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BBC六分钟英语听力精选:爱情毒药

Cherie207 于2014-03-17发布 l 已有人浏览
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大家好,欢迎收听BBC六分钟英语听力精选,我们将会给你带来各种各样的消息新闻,今天要说的是爱情毒药。
    小E英语欢迎您,请点击播放按钮开始播放……

Love Drug.jpg

Love Drug

爱情毒药

错过了今年的情人节,只有等明年的了,但是浪漫的气息依然充盈于空气中。

加入Callum和Yvonne的谈话,一起聊聊那些爱情和人际关系永恒的秘密吧。每当想到要选择伴侣的时候,我们真的能控制自己的情绪吗?或者这都是归结于化学反应呢?让我们一起听节目,了解更多的消息吧。

本期问题:1991年,102岁的Minnie Munro成了世界上最年老的新娘。但是,她的新郎几岁呢?他是:

a) 97

b) 80

c) 83

听力内容:

Love Drug

Yvonne: Hi, this is ‘6 Minute English’ with Yvonne Archer and joining me today is Callum Robertson. Hello Callum!

Callum: Hello Yvonne.

Yvonne: Thanks for joining me. Now today, we'll hear a report about some research which might help to explain some of the mysteries of love - such as why we fall in love. But first, I've a question for you – as usual. Are you ready?

Callum: Oh yes!

Yvonne: Good. In 1991, Minnie Munro became the world's oldest bride aged 102. But how old was her groom – the man she married? Was he:

a) 97

b) 80 or

c) 83

Callum: This is just going to have to be a guess; she's 102 - I'll say he was 97.

Yvonne: OK – we'll find out later on whether you're right or wrong later on. Larry Young is a professor of neuroscience – that's the study of the structure of the nervous system, how it works and the diseases that can cause it problems. Professor Young, based at Emory University in Atlanta, Georgia in the United States, used prairie voles to find out why people fall in love. But what are 'prairie voles' Callum?

Callum: Well, a 'vole' is a very small animal which looks like a mouse but it has smaller ears and a short tail. And 'voles' usually live in fields near rivers but the ones from Professor Young's study live on 'the prairies' - large areas of flat, grassy land in North America. So they're known as 'prairie voles'.

Yvonne: Okay. Now for some scientific language. What is meant by 'surges of chemical'?

Callum: A 'surge' in something is a sudden, great increase in it - so 'surges of chemical' are large, sudden increases in the amounts of a chemical.

Yvonne: And finally, what is 'a compound' in terms of chemistry?

Callum: Well that's a substance – something that contains more than one element. So if there are two or more chemicals in a substance, it's 'a compound' substance.

Yvonne: Thanks, Callum. Now it's time to hear that report from the BBC's Science Correspondent, Pallab Ghosh. As we listen, try to find out why Professor Young decided to study prairie voles to help with his research.

PALLAB GHOSH

His studies on prairie voles which like humans, form lifelong relationships, has led him to believe that this most powerful of human emotions is governed by surges of chemicals, including a compound called oxytocin.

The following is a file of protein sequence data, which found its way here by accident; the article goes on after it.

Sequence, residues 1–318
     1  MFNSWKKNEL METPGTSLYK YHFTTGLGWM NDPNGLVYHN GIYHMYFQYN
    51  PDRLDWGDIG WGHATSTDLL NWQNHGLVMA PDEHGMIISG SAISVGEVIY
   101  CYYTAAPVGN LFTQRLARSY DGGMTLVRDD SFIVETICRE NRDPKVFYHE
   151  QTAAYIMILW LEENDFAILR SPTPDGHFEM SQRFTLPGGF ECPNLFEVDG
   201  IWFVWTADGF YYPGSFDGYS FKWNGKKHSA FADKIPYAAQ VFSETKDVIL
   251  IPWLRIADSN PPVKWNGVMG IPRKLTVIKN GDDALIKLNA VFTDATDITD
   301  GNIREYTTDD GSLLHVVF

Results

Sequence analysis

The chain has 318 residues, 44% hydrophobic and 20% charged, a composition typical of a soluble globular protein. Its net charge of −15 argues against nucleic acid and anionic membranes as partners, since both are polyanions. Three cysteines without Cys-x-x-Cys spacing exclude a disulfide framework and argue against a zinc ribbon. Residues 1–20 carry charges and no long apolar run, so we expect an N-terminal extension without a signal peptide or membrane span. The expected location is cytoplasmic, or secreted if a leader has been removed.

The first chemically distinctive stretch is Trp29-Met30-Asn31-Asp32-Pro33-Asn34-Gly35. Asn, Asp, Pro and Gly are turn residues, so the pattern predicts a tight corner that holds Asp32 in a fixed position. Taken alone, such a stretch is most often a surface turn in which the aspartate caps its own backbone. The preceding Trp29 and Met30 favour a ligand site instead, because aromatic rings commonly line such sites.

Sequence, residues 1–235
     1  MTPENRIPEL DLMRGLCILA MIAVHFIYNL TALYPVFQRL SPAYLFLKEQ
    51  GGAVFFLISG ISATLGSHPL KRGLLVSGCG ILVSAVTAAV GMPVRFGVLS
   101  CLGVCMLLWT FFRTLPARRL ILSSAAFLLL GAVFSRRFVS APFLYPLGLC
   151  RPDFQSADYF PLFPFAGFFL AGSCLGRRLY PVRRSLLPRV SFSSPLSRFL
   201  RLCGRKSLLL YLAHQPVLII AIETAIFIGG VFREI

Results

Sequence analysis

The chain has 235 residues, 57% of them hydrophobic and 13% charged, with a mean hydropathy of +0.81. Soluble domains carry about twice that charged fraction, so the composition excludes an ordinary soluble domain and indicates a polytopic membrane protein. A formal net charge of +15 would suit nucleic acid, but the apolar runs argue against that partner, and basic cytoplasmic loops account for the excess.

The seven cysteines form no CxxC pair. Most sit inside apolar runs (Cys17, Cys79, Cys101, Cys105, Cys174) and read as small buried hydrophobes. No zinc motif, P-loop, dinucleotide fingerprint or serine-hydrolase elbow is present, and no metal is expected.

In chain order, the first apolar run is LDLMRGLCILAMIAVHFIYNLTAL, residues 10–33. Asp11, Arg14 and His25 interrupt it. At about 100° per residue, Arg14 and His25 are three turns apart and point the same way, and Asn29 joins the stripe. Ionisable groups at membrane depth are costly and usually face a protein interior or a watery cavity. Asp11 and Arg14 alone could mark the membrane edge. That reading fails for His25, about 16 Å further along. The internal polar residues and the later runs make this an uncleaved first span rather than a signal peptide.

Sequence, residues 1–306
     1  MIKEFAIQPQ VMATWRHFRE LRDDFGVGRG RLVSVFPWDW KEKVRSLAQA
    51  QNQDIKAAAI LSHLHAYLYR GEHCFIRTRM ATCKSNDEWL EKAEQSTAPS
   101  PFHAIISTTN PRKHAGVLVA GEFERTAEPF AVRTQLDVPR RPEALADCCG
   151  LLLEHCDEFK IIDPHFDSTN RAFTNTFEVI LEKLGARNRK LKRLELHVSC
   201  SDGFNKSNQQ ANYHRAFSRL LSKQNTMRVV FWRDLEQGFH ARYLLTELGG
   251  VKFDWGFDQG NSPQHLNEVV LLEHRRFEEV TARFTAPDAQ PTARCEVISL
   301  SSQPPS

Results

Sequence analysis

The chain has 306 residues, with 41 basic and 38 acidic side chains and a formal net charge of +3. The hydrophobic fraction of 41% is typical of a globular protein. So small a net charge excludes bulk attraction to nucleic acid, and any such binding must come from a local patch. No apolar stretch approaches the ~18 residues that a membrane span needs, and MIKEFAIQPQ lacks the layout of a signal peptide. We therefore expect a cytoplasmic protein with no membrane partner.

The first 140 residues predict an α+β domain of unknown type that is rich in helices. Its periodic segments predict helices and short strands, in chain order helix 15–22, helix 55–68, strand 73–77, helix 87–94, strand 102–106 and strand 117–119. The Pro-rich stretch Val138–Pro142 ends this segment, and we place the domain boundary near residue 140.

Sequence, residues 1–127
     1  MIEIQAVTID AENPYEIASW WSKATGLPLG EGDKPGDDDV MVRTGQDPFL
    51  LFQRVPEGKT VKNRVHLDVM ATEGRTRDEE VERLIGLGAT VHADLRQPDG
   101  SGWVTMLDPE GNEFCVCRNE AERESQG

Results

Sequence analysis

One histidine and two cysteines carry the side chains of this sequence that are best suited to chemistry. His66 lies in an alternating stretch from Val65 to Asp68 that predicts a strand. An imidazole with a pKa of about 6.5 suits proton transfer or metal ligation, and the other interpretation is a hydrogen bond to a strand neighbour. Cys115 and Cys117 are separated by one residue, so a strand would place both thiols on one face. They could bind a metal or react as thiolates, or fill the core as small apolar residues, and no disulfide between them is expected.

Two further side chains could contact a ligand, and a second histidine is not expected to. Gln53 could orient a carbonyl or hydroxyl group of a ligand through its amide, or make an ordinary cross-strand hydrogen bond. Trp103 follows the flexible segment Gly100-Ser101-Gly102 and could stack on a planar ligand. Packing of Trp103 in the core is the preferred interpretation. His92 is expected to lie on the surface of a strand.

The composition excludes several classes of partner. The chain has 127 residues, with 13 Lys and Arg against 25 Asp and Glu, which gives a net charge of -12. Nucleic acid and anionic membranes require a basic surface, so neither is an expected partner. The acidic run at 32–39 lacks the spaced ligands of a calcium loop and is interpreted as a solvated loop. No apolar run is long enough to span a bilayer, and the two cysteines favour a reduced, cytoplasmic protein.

Yvonne: So Professor Young believes that the love we feel is 'governed' or caused by great and sudden increases in the amount of oxytocin in us – a chemical. But why did Professor Young study prairie voles to help with his research, Callum?

Callum: Well, because they're like human beings in their relationships. They stay with the same partner throughout their lives, so they form 'lifelong' relationships – just like married people.

Yvonne: Ahh…

Now in the next part of today's report, we'll hear how Professor Young believes that there's a possibility that the chemical oxytocin could also be used in two other ways. Firstly, 'an antidote' for the broken hearted. Unfortunately, most of know what that means, but what is meant by 'an antidote', Callum?

Callum: 'An antidote' is usually a drug or a chemical which lessens or reverses the bad effects of something or stops something bad from happening to us. For example, the antidote to a snake bite could stop someone dying from the snake's poison. And an antidote for the broken hearted could help those people feel less tearful and sad.

Yvonne: We'll also hear how Professor Young believes that a 'genetic love test' could also be developed 'to determine' – to find out - who has 'a pre-disposition to a happy married life'. Callum, in a nutshell – what's meant by that?

Callum: Well, a genetic love test would basically tell us who was born with the qualities and personality that people really need to be a great husband or wife!

Yvonne: Hmm – so an antidote for the broken hearted - plus a love test to find out who's really suited to marriage. But who would use a genetic love test?

PALLAB GHOSH

Professor Young believes it would equally be possible to develop an antidote to love for the heartbroken and he says there's even the prospect of a genetic love test where matchmaking agencies would attempt to determine a person's pre-disposition to a happy married life.

Yvonne: So Callum, who does Professor Young think would use the genetic love test?

Callum: Matchmaking agencies – companies that charge people money to help them find their perfect partner - a husband or a wife.

Yvonne: Hmph! Well, I certainly look forward to any further developments with interest! But now, today's big question! In 1991, Minnie Munro became the world's oldest bride at age 102. But how hold was her groom? And what was your answer, Callum?

Callum: Well, I had a guess at 97.

Yvonne: Eeee… He was actually 83.

Callum: Oh right, so nearly twenty years' difference!

Yvonne: And Minnie may have found her man a little sooner if a genetic love test had been available, don't you think?

Callum: Ummm - possibly!

Yvonne: Anyway, that's all we've got time for on today's "6 Minute English". Do join BBC Learning English again for more!

C/Y: Goodbye!

词汇学习:

1. neuroscience 神经系统学

2. prairie 大草原

3. voles 全胜

4. a surge 一阵汹涌

5. a compound 一种化合物

6. an antidote 一种解药

7. to determine 确定,决定

8. a pre-disposition to something 预期到的某些……

9. a matching-making agency 一个匹配的决策机构

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